Two killed and dozens wounded in anti-Christian demonstration in Egypt
Muslims are up in arms against Copts for a play dubbed as "offensive to Islam". Christian leaders: "The work is against extremism, not Muslims". This could well be a strategy of the Internal Affairs Ministry to create tension before the election.
Alexandria (AsiaNews/Agencies) At least two people were killed and dozens wounded in a heavy clash between police and 5,000 Muslims. The large crowd was protesting yesterday in Alexandria in front of the Christian Coptic Church against a play dubbed as "offensive to Islam".
Two days before, also outside the door of St George's Church a 19-year-old stabbed a Sister and a Christian lawyer. After his arrest, the youth declared he had acted out of revenge because a play offensive to Islam had been performed in the church.
The police said the crowd gathered yesterday after midday prayer in the Aulad El Sheikh mosque: there, during the Friday homily, the imam had urged tolerance prescribed in the Koran for the two other monotheistic religions. After the prayer, the crowd shifted to the Muharram Bik neighbourhood where the Christian Coptic Church of St George is located. They shouted slogans like "we will sacrifice ourselves for Islam with our body and blood".
The demonstration was sparked by a video screened once in the church two years ago in the context of an anti-terrorism campaign. A week ago, some local newspapers had mentioned the video, currently being circulated in Alexandria on DVD, defining it as "offensive to Islam" and claiming that it was being distributed by Christians.
The play in question is called "I Once Was Blind But Now I See", and it tells the story of a poor young Christian who converted to Islam in a bid to overcome his poverty. When he regrets his decision and seeks to return to the Christian faith, he is not allowed to reconvert and is threatened with death.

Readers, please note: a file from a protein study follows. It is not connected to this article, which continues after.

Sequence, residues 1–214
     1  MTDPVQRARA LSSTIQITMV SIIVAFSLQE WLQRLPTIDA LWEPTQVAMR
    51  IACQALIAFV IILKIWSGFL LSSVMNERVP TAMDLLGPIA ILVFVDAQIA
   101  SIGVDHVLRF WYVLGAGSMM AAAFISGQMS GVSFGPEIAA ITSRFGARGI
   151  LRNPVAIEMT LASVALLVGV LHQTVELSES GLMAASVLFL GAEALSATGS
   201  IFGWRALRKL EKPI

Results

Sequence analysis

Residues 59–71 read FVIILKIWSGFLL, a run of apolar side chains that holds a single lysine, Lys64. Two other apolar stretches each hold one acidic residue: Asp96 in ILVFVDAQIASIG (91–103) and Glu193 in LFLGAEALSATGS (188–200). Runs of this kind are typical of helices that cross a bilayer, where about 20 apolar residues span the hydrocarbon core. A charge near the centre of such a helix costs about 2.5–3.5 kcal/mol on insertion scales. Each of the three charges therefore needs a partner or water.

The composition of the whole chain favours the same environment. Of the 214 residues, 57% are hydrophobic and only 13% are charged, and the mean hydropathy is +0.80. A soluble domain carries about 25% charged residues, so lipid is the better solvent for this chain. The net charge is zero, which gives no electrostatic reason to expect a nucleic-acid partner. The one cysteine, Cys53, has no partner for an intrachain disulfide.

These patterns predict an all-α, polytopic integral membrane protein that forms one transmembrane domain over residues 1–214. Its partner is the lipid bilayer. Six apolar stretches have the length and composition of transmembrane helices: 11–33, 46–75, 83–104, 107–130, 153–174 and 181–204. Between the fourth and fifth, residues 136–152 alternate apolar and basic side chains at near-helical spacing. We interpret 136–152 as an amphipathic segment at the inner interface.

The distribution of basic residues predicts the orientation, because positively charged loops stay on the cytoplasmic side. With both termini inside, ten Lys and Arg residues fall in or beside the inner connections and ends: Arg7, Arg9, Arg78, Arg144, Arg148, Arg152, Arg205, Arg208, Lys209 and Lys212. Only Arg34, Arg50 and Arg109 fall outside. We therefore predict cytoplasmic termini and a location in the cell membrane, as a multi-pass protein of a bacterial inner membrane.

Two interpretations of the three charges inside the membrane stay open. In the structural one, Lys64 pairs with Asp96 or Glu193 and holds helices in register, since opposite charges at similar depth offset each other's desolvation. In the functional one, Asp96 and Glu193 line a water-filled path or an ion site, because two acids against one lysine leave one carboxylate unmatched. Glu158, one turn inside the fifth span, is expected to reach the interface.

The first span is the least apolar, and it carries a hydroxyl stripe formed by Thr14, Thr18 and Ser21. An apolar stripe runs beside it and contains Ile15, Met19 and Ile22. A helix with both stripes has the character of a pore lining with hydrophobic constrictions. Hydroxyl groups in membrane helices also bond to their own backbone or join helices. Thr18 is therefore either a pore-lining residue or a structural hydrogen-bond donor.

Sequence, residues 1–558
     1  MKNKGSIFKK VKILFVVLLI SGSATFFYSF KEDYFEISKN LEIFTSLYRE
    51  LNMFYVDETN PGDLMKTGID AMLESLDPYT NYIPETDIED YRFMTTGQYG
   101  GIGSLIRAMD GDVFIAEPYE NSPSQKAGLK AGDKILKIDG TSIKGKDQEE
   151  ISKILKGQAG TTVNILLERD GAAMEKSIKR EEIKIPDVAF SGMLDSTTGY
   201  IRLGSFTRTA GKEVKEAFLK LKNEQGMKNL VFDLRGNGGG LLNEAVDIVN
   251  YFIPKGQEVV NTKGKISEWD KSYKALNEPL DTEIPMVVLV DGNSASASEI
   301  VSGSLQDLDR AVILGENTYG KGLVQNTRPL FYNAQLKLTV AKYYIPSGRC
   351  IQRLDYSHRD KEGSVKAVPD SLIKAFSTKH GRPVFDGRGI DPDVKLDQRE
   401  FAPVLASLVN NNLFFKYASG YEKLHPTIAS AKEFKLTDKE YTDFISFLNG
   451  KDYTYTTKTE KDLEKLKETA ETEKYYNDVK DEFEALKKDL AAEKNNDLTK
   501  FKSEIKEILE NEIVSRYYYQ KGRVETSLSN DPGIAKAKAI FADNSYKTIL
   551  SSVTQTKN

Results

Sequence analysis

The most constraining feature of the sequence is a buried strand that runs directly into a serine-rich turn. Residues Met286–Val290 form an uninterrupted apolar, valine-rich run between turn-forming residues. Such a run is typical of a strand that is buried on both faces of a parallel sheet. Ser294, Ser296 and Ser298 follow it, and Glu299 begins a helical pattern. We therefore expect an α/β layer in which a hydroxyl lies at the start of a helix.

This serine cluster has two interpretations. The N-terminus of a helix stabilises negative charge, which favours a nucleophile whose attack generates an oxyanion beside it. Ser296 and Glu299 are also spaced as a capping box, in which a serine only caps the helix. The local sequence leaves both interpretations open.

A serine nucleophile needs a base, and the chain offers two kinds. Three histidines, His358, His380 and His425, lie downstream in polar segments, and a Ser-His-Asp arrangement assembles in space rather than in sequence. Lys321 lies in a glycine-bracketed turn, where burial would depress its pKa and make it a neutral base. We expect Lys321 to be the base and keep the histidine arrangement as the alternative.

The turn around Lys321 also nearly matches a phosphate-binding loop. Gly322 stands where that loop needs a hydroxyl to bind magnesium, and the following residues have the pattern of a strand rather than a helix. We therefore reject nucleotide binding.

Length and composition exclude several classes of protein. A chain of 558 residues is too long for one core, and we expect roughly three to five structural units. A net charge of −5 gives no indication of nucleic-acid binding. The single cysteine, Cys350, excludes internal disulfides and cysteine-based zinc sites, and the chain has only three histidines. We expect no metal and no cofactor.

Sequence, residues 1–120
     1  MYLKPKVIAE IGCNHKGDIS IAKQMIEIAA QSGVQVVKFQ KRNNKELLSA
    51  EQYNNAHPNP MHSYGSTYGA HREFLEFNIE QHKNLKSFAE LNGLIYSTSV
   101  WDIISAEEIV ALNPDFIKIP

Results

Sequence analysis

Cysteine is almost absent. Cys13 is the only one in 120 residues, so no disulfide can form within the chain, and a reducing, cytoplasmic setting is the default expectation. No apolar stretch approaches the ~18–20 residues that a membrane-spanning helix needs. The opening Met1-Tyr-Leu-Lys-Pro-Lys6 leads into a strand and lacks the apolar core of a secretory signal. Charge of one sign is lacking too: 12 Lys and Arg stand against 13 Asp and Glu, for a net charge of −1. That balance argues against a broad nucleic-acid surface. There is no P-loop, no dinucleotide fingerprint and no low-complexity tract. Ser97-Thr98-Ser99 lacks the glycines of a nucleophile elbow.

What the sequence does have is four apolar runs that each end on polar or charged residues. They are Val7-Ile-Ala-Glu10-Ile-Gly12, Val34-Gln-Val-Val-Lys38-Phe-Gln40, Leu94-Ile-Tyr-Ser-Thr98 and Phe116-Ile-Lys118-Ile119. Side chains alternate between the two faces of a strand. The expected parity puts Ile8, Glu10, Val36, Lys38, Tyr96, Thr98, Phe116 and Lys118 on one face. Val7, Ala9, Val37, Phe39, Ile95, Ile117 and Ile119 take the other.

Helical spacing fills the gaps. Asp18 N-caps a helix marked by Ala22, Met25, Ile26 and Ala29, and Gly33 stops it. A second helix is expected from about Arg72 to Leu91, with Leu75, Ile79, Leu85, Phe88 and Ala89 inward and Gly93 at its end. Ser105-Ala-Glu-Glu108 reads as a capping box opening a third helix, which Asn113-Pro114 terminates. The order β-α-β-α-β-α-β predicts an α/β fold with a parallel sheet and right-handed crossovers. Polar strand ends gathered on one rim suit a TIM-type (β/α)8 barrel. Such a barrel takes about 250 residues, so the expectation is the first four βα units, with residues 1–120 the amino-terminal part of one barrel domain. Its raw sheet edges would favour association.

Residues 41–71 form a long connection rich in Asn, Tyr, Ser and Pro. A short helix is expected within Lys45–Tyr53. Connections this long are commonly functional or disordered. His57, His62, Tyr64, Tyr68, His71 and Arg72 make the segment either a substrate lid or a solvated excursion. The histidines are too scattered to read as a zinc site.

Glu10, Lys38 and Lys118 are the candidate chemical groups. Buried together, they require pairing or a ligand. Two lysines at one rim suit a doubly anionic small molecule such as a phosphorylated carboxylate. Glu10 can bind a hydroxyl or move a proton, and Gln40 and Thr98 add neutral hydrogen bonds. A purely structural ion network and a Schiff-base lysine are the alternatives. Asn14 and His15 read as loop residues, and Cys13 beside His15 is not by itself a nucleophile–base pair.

Christian leaders maintain the drama highlights the danger of extremist religion, not of Islam, The Church leader, Fr Augustinos, said it was difficult to justify such a protest because the play was screened only once, two years ago. "There are so many questions on what is behind all of that," he said, adding that the boy was ultimately saved from certain death by a Muslim friend.
Egyptian public security officials said the extremist Muslim community was behind the distribution of the DVD version of the drama; they were aiming to create tension between ethnic and religious groups in view of the upcoming legislative election on 9 November.
The Christian Coptic community makes up 10% of the largely Muslim (89%) population of 72 million inhabitants. Christians lament discrimination in public positions and employment; they also complain of difficulties in obtaining permits for the construction of churches and there is fear of violence if a Muslim should convert to Christianity. There are also charges of forced conversion to Islam.